Election Campaign: Day 3

1 April 2015, 19:20 | Updated: 1 April 2015, 20:09

Labour has warned that a vote for the SNP will help David Cameron back into Downing Street, as the parties ramped up their election campaigning.

Shadow chancellor Ed Balls joined the party's Scottish leader, Jim Murphy, in Glasgow, where he said a vote for the SNP "is a vote to continue Tory austerity".

Earlier, Mr Murphy described the nationalists as Mr Cameron's "little helpers" by targeting Scottish Labour seats and diminishing Labour's chance of forming a government.

A new poll suggests that the prospect of the SNP holding the balance of power at Westminster could also work to Mr Cameron's advantage by convincing voters across the UK to hand him enough MPs to return to power.

Nearly half of voters think SNP influence in the next government would be negative for the UK as whole, a TNS poll of 1,118 adults in Great Britain found.

Just 22% think the SNP would have a positive influence compared with 46% who said it would be negative, the poll for The Herald revealed.

Most voters rejected a formal or informal alliance between Labour and the SNP, with 41% saying neither outcome would be good for the UK.

Mr Balls said: "Every vote in this election that might allow the Tories back in is a vote for continuing austerity in Scotland.

"The only way to end Tory austerity in Scotland is to vote Labour."

Mr Murphy added: "David Cameron can't win seats in Scotland. He has got one constituency in the whole of Scotland, so he needs someone else to win seats for him in Scotland and beat Labour for him.

"And the SNP are playing the role of David Cameron's little helpers."

SNP Westminster leader Angus Robertson said: "Jim Murphy's problem is that Labour were David Cameron's big helpers for two and a half years in the referendum - working hand in glove with them and since then Labour have voted with the Tories at Westminster for more cuts.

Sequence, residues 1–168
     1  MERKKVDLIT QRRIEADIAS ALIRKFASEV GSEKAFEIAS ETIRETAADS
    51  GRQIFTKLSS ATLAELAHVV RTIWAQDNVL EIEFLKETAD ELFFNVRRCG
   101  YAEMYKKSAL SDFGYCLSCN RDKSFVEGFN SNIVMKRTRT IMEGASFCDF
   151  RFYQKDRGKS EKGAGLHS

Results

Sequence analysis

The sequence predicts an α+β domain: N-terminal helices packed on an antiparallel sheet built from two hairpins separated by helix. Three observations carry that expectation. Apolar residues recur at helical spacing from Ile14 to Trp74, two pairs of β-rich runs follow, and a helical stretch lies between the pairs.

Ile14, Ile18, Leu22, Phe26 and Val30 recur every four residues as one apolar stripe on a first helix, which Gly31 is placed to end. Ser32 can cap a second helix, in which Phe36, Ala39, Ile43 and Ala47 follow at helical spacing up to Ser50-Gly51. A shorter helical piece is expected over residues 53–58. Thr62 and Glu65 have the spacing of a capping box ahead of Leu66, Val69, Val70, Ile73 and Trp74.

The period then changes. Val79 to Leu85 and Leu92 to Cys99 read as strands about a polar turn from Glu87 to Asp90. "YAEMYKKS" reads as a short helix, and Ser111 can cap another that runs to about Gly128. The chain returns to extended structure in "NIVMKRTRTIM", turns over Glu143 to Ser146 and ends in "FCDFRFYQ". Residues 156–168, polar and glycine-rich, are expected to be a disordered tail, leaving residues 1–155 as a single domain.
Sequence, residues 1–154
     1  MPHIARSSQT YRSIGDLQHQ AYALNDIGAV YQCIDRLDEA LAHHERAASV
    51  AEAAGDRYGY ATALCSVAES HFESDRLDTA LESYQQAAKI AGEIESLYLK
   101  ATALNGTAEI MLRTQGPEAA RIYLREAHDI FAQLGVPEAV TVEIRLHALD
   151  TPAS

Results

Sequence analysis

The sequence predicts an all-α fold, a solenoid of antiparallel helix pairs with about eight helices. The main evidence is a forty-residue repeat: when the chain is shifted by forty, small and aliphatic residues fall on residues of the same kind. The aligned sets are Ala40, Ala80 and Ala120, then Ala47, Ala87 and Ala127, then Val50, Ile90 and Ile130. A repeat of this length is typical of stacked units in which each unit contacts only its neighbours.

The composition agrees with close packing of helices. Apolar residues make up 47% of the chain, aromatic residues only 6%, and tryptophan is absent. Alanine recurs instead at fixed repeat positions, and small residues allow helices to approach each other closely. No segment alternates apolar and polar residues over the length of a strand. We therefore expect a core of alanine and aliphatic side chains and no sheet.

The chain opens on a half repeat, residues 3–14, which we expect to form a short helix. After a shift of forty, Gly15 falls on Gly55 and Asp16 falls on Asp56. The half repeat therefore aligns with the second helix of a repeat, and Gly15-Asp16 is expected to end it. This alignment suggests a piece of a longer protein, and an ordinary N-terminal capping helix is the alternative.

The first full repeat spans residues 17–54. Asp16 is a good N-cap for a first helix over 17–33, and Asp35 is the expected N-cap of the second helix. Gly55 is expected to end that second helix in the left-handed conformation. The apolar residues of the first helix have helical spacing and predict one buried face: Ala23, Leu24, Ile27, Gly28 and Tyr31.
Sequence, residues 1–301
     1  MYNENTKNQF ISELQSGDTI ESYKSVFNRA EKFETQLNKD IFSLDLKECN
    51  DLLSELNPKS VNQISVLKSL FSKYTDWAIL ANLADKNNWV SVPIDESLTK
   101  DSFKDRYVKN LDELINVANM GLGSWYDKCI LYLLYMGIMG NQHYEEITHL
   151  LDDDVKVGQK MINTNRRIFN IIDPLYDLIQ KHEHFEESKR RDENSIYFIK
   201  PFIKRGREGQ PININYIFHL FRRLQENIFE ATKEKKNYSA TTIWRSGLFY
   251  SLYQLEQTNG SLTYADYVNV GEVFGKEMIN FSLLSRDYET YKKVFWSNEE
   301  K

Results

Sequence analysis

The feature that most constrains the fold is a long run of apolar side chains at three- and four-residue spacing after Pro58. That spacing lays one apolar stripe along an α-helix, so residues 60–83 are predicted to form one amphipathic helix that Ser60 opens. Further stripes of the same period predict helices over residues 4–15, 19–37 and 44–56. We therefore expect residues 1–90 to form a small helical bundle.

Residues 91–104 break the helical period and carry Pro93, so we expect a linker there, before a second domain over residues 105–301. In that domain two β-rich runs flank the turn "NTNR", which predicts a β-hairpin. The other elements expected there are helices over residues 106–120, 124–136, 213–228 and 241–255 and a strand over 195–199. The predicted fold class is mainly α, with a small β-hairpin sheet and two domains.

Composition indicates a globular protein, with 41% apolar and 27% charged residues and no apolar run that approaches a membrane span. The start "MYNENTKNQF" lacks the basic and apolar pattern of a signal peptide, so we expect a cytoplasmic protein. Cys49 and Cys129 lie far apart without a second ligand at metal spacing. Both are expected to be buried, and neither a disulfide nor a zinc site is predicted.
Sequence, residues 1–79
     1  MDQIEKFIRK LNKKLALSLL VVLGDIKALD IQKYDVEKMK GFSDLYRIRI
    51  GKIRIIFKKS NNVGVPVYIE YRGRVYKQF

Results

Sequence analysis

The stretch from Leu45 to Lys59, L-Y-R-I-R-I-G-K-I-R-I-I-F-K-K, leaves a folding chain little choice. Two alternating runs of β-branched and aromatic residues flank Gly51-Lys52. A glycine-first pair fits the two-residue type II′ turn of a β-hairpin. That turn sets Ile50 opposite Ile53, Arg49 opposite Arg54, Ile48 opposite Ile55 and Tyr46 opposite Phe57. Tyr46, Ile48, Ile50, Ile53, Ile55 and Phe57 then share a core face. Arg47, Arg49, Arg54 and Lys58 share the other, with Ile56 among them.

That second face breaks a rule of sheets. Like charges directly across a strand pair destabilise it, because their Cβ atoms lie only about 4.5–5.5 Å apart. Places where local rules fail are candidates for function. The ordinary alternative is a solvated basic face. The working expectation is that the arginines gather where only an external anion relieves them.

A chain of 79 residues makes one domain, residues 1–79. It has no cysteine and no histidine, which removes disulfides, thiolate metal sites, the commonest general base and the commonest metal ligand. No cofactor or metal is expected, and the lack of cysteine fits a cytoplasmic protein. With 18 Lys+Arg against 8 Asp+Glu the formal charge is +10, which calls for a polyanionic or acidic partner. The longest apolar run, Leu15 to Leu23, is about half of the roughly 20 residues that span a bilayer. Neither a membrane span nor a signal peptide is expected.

"People in Scotland simply do not buy what Labour is saying and repeated polls have shown that people trust the SNP more than Labour to keep the Tories out of government."

Meanwhile, Scottish party leaders were setting out their priorities on law and order at the Scottish Police Federation (SPF) conference at the Trump Turnberry Resort in South Ayrshire.

First Minister Nicola Sturgeon said: "We have proposed modest increases in spending that would help to support our public services, invest in infrastructure and end the damage being done by UK cuts.

"We will argue for a fair deal for Scotland's police service. Police Scotland is the only police authority in the UK unable to recover VAT and is liable to an annual cost of around #23 million. That is money that could and should be spent on frontline policing."

Tory leader Ruth Davidson said her party's key priority would be to scrap automatic early release.

She said: "Nobody understands why a judge's sentence should be immediately slashed the moment a criminal is sent down.

"It has eroded faith in our justice system and it needs to stop."

Mr Murphy said: ''The Labour Party will increase taxes for those who earn more. Anyone earning over £150,000, if Labour wins the election, will have to pay more. Tax avoidance has to be and will be cracked down on.

"We will increase taxes on those who earn most and then it's for people in politics, police officers and families to argue for the police service to get a larger slice of that larger cake because more money would be available."

Liberal Democrat leader Willie Rennie used his speech to criticise the operation of the single police force and said SPF members were right to be frustrated as they had been "let down".

He said: "This Government is focused elsewhere rather than using the powers it has to do the serious job of sorting out the sorry mess it created."

Mr Rennie's Westminster counterpart, Nick Clegg, was also in Scotland on the campaign trail.

More than 100 business leaders signed a letter to the Daily Telegraph backing today's corporation tax cut to 20% and warning that a "change in course" on the economy could hit jobs and investment.

Mr Cameron seized on the letter as support for the Tories' "long-term economic plan" but the Deputy Prime Minister warned that his policies would put the recovery at risk.

Mr Clegg, who travelled to East Dunbartonshire to highlight his party's family-friendly policies including a tripling of paternity leave, welcomed the executives' letter.

He said: "I read the letter carefully. It talks about what this coalition Government has done and I think the signatories to the letter are completely right in saying that about the last thing that this country needs, now that we're emerging from this long shadow of the economic crash in 2008, is a great lurch in one direction or another."